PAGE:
Most people are happy to give their neighbours a spare house key in case of emergencies, but you probably wouldn't want to give them your digital passwords. Now security researchers have shown that you may not have a choice, at least when it comes to cloud computing.
Cloud servers let users run simulations of an ordinary computer, called virtual machines (VMs), on remote hardware. A VM performs exactly as an ordinary computer would, but because it is entirely software-based, many of them can run on a single hardware base. Yinqian Zhang of the University of North Carolina, Chapel Hill, and colleagues have discovered that it is possible for one VM to steal cryptographic keys - used to keep your data secure - from another running on the same physical hardware, potentially putting cloud-computing users at risk.
The attack exploits the fact that both VMs share the same hardware cache, a memory component that stores data for use by the computer's processor. The attacking VM fills the cache in such a way that the target VM, which is processing a cryptographic key, is likely to overwrite some of the attacker's data. By looking at which parts of the cache are changed, the attacking VM can learn something about the key in use.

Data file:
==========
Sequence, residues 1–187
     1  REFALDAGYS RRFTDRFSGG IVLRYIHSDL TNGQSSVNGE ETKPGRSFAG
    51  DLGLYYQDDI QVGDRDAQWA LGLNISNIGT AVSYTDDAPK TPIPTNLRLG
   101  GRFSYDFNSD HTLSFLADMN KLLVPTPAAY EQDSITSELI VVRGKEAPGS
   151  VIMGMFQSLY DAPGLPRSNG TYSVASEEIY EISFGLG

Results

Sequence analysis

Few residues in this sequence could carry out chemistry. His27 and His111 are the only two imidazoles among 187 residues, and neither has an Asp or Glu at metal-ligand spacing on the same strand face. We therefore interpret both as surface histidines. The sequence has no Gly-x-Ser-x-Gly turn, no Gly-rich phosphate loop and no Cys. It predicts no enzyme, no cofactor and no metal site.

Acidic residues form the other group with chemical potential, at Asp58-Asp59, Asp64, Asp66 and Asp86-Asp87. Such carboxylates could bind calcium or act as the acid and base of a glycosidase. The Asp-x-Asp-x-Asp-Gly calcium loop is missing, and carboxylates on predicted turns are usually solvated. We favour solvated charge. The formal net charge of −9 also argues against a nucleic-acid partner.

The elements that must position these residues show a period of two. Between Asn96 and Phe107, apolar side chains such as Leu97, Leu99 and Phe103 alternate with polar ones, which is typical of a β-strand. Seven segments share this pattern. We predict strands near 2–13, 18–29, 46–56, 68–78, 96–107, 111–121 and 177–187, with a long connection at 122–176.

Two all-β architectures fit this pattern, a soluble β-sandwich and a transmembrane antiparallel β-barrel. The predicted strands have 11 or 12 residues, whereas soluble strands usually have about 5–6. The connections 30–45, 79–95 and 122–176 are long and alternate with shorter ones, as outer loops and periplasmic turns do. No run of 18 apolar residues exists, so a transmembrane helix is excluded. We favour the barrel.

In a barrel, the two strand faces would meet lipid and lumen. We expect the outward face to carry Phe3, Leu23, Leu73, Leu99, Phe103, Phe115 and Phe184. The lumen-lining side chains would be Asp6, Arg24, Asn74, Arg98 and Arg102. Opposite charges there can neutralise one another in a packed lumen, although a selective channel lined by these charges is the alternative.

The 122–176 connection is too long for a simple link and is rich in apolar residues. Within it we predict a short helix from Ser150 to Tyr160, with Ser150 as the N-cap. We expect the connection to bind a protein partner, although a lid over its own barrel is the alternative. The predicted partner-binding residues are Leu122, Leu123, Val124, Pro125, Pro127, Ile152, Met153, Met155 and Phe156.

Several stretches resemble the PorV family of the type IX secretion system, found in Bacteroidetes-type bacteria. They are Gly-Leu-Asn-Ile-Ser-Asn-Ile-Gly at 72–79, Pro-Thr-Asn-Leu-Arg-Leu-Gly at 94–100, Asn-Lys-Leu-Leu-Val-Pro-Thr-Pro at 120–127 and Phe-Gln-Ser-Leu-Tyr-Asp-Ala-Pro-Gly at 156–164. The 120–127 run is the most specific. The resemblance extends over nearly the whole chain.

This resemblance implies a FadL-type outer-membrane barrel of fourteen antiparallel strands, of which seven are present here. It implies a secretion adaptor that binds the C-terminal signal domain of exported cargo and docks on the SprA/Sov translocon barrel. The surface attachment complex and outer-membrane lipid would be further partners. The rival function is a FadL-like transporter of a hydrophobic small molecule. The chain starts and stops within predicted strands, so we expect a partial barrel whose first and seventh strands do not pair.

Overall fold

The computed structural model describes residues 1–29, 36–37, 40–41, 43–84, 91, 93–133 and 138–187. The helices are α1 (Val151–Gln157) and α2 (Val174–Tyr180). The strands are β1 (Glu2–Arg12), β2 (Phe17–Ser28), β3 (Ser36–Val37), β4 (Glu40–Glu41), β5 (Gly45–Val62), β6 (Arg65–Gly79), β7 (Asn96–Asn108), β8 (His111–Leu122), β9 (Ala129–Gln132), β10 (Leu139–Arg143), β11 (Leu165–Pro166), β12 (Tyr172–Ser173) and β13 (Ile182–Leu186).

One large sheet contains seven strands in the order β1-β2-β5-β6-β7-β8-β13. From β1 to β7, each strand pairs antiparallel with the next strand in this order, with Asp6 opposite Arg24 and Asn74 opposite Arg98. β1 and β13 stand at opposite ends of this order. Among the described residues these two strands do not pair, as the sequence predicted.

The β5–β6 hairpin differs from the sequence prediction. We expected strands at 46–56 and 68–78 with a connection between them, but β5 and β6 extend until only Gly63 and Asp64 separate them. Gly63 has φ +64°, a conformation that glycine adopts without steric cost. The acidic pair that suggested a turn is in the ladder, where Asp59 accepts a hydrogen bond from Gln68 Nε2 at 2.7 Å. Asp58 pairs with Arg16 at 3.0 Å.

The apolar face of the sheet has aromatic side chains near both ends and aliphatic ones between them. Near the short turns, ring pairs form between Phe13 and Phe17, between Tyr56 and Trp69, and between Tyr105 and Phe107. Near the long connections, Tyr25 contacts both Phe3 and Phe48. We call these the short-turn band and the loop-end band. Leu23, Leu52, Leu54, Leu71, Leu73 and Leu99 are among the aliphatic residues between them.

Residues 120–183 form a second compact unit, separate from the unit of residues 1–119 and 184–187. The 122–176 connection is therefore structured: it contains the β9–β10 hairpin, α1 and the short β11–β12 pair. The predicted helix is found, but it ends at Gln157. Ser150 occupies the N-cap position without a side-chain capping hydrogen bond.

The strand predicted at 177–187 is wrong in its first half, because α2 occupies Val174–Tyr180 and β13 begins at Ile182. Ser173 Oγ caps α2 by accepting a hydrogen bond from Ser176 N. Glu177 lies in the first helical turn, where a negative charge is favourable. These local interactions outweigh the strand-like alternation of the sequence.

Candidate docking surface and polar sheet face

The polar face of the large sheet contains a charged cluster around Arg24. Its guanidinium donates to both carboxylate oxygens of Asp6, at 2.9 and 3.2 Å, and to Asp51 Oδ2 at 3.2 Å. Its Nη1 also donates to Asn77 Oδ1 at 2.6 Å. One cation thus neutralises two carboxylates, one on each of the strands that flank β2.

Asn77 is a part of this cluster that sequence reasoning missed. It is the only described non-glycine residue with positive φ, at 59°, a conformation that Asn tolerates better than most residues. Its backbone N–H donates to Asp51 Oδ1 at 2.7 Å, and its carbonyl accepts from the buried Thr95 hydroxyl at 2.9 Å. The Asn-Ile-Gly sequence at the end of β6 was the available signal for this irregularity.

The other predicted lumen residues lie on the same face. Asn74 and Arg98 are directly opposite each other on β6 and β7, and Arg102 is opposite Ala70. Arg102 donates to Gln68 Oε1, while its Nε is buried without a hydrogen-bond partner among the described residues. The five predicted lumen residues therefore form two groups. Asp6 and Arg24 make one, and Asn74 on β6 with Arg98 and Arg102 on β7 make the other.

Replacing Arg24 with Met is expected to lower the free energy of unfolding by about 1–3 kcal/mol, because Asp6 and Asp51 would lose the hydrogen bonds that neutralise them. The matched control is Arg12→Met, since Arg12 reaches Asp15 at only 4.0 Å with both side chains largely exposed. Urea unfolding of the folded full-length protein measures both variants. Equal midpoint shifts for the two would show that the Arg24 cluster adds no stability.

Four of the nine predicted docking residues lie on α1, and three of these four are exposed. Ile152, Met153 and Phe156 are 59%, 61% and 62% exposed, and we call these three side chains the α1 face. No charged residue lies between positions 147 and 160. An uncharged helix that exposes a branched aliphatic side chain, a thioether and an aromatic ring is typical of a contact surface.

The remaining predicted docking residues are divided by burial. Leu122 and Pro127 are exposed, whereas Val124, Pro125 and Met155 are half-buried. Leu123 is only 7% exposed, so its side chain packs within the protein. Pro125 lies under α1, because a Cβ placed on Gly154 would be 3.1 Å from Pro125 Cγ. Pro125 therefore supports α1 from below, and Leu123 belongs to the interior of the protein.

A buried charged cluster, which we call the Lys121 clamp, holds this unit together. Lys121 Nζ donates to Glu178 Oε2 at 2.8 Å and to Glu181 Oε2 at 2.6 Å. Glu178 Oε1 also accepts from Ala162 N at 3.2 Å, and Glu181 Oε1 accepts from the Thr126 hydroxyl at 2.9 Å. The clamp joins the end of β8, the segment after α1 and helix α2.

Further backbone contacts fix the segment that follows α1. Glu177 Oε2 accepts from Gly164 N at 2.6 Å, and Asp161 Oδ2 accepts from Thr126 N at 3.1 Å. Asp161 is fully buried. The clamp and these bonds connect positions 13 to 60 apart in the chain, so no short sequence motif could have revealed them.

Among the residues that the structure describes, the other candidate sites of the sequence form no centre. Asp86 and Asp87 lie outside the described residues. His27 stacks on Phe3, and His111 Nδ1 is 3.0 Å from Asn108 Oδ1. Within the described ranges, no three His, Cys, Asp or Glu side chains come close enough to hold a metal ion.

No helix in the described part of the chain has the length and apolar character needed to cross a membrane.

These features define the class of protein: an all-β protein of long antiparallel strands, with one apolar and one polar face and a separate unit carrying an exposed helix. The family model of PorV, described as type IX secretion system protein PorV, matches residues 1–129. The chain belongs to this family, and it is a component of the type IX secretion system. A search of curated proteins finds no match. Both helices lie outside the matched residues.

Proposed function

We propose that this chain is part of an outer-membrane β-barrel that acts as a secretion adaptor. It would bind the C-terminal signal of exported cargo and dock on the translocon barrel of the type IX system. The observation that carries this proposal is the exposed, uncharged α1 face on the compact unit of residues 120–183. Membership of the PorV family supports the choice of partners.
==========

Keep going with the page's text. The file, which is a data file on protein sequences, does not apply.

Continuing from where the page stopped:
Zhang and team did not test the attack in the cloud for real, but used hardware similar to that employed by Amazon's cloud service to try stealing a decryption key. They were able to reconstruct a 4096-bit key in just a few hours, as reported in a paper presented at the Computer and Communications Security conference in Raleigh, North Carolina, last month.
This attack won't apply in all situations, as an attacker would have to establish a VM on the same hardware as yours, which isn't always possible. What's more, an attack would not work on hardware running more than two VMs. Still, those looking to use cloud services for high-security applications may want to reconsider.
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